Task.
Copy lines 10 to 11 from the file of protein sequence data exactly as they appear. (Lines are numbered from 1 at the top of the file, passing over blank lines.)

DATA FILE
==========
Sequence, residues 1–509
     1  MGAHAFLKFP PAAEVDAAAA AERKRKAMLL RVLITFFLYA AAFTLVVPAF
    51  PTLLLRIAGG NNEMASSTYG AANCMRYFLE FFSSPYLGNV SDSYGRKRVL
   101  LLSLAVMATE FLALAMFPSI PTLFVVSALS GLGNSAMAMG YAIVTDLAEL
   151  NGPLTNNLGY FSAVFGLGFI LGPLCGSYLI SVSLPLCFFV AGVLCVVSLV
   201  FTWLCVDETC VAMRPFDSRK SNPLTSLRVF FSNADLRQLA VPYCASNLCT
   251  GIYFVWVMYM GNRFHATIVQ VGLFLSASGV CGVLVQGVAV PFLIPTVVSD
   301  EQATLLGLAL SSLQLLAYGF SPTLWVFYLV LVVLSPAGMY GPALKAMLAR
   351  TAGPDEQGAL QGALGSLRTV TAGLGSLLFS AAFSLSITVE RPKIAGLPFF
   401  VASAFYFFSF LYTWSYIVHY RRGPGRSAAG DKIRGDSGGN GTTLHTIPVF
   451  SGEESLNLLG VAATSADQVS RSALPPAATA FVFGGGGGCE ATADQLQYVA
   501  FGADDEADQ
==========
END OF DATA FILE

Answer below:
   401  VASAFYFFSF LYTWSYIVHY RRGPGRSAAG DKIRGDSGGN GTTLHTIPVF
   451  SGEESLNLLG VAATSADQVS RSALPPAATA FVFGGGGGCE ATADQLQYVA